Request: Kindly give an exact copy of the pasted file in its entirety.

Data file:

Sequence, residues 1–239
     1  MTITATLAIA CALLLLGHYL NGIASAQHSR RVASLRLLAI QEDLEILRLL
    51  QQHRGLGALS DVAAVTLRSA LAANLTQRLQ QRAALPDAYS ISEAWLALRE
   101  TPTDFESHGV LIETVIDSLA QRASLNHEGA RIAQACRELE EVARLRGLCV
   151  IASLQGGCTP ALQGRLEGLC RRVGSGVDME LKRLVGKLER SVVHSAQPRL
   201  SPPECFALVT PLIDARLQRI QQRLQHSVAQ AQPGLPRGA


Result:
Sequence, residues 1–239
     1  MTITATLAIA CALLLLGHYL NGIASAQHSR RVASLRLLAI QEDLEILRLL
    51  QQHRGLGALS DVAAVTLRSA LAANLTQRLQ QRAALPDAYS ISEAWLALRE
   101  TPTDFESHGV LIETVIDSLA QRASLNHEGA RIAQACRELE EVARLRGLCV
   151  IASLQGGCTP ALQGRLEGLC RRVGSGVDME LKRLVGKLER SVVHSAQPRL
   201  SPPECFALVT PLIDARLQRI QQRLQHSVAQ AQPGLPRGA